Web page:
Even before we read a single book about Buddhism or Zen Buddhism, we are prepared to form a tacit assumption about Zen based on the smallest familiarity with the material (let’s say that you just read Alan Watts). I have to admit we come by this habit, honestly. It’s all around us. Everyday we are like fish swimming in a world of countless assumptions. These assumptions can also create a particular narrative or representation—like a story. The narrative can grow and become extremely complex. It also has its authors and gatekeepers.
One such narrative I remember is the Indo-Aryan migration narrative. Supposedly, over 3,500 years ago the Indo-Aryans migrated to India from the north in two waves displacing the earlier populations. This theory, by the way, was proposed in mid-19th century by German linguist and Sanskrit scholar Max Muller who, for what it is worth, never set foot in India.
More contemporary narratives include the holocaust narrative, which is always fighting a constant battle with the revisionist historians. Closer to home, there is the American slave narrative and much later, the Critical Race Theory (CRT) narrative. There are numerous others such as how the west was won (the cowboy narrative) or the new world order. There is even a narrative about global warming and climate change, not to mention the oil shortage narrative. Then, of course, there is the all familiar golden age of Zen lineage narrative with its flame transmissions and koans.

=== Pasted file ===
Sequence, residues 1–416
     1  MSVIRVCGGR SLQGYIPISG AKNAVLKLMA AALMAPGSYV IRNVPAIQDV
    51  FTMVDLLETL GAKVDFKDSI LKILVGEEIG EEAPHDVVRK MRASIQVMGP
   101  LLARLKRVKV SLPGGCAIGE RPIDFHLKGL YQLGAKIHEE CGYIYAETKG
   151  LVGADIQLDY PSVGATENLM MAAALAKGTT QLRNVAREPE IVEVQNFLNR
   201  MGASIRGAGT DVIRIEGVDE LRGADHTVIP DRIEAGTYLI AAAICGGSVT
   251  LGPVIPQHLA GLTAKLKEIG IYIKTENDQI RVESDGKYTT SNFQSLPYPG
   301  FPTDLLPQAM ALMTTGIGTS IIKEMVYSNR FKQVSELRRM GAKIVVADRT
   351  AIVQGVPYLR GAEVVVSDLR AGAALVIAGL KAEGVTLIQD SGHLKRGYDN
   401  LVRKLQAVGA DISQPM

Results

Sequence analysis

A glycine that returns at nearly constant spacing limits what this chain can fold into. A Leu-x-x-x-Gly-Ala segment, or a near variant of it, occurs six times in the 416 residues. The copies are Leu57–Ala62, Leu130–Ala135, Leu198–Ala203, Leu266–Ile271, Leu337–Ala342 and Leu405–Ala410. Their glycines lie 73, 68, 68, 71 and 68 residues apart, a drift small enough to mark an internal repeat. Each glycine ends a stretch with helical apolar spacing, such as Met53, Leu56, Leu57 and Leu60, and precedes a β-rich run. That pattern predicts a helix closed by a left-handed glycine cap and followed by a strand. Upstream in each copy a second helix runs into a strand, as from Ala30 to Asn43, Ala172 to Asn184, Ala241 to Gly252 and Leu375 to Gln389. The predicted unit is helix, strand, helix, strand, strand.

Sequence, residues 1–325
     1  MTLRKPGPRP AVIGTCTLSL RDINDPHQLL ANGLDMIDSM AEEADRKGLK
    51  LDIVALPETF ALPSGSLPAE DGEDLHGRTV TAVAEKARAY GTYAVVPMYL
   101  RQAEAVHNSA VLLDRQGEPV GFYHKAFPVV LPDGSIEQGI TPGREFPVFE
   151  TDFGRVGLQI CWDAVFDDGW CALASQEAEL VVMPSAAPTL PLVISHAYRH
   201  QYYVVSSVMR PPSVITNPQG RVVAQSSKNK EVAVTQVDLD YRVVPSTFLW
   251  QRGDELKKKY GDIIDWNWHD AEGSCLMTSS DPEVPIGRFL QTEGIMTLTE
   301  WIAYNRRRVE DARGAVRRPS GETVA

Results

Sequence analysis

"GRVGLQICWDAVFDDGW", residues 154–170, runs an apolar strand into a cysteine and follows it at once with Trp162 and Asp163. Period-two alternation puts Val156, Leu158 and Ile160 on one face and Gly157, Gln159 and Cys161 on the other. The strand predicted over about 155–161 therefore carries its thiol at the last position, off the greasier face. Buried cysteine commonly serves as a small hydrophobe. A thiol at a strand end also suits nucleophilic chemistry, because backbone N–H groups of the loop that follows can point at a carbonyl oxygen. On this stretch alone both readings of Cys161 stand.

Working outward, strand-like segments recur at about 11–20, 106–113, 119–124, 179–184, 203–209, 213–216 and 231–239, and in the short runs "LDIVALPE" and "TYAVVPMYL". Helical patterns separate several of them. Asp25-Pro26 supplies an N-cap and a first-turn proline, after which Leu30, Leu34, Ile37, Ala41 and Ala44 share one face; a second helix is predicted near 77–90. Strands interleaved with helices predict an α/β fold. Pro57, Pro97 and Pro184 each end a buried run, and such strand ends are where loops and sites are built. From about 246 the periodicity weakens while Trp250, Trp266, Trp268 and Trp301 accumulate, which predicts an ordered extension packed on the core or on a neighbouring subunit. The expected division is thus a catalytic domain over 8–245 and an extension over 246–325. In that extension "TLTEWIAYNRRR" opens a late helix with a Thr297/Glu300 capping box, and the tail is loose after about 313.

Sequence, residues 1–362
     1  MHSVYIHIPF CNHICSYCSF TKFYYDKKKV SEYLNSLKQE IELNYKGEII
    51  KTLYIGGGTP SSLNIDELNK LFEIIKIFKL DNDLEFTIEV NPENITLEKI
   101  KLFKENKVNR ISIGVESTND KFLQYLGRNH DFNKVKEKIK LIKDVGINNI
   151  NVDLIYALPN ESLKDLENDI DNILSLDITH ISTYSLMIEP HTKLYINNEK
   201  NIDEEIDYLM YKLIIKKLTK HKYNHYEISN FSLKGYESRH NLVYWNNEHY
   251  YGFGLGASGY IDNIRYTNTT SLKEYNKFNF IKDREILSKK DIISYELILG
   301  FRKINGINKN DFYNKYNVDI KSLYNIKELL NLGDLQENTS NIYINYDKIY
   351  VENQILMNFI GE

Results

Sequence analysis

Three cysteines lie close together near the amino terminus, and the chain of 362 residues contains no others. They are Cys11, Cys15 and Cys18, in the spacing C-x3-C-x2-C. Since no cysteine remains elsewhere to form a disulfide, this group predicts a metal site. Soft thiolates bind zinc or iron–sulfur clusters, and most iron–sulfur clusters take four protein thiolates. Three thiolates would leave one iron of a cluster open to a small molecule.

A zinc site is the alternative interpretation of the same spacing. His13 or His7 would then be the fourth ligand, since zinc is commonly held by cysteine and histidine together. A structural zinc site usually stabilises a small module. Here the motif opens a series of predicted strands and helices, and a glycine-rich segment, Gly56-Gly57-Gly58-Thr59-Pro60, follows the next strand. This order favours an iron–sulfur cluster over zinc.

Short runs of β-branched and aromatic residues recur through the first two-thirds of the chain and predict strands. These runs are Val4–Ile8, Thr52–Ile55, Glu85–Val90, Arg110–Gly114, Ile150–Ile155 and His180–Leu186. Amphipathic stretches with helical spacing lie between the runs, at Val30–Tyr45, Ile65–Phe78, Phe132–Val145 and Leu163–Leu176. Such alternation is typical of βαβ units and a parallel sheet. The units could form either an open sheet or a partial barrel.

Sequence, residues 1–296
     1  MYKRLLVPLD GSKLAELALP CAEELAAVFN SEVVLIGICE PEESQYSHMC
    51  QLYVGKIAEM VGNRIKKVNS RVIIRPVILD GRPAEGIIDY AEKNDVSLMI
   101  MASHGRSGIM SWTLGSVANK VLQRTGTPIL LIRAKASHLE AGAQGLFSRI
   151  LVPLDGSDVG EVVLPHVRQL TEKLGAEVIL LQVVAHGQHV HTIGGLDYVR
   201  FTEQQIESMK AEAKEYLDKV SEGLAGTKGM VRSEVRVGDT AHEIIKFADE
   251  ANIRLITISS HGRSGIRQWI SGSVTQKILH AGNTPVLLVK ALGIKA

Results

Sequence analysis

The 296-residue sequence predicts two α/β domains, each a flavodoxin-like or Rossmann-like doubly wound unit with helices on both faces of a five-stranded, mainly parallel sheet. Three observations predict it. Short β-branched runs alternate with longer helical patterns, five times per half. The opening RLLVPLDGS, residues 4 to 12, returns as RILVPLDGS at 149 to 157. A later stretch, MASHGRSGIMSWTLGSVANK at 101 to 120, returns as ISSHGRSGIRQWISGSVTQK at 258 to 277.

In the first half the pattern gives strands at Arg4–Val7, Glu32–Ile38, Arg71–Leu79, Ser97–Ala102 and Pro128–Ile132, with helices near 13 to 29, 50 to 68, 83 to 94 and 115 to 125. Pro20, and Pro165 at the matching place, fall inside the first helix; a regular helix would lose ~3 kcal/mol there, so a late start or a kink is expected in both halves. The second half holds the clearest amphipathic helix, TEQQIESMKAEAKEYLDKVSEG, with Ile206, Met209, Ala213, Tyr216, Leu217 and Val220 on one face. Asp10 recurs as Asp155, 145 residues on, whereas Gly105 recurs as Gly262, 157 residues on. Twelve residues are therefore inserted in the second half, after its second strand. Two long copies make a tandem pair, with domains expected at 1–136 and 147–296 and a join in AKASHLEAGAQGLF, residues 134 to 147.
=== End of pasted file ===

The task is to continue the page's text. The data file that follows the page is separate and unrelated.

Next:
The problem that I see with all narratives is they are, firstly, stories that have turned into dogma. With the narrative, we assume that they are true when they are anything but true. In one respect, narratives are not built upon facts but persuasion arguments, assumptions and opinions. Then the narrative turns into a measuring rod or better said, the judge. The facts which come before the judge have to fit with the narrative. The narrative doesn’t need to fit with the facts no matter how many facts refute the narrative. A simple rule for any narrative, the facts should be ignored or thrown out if they don’t fit the narrative.
Looking at the narrative of the golden age of Zen, most of it is born during the Song dynasty (960–1279), not the earlier Tang dynasty. Still, this golden age supposedly took place in the Tang. Scholars pretty much know the features of Zen before it was even coined Chan Zong in the late Tang and early Song by Zen master Zongmi. It certainly doesn’t fit the golden age of Zen narrative which is still popular with beginners new to Zen Buddhism.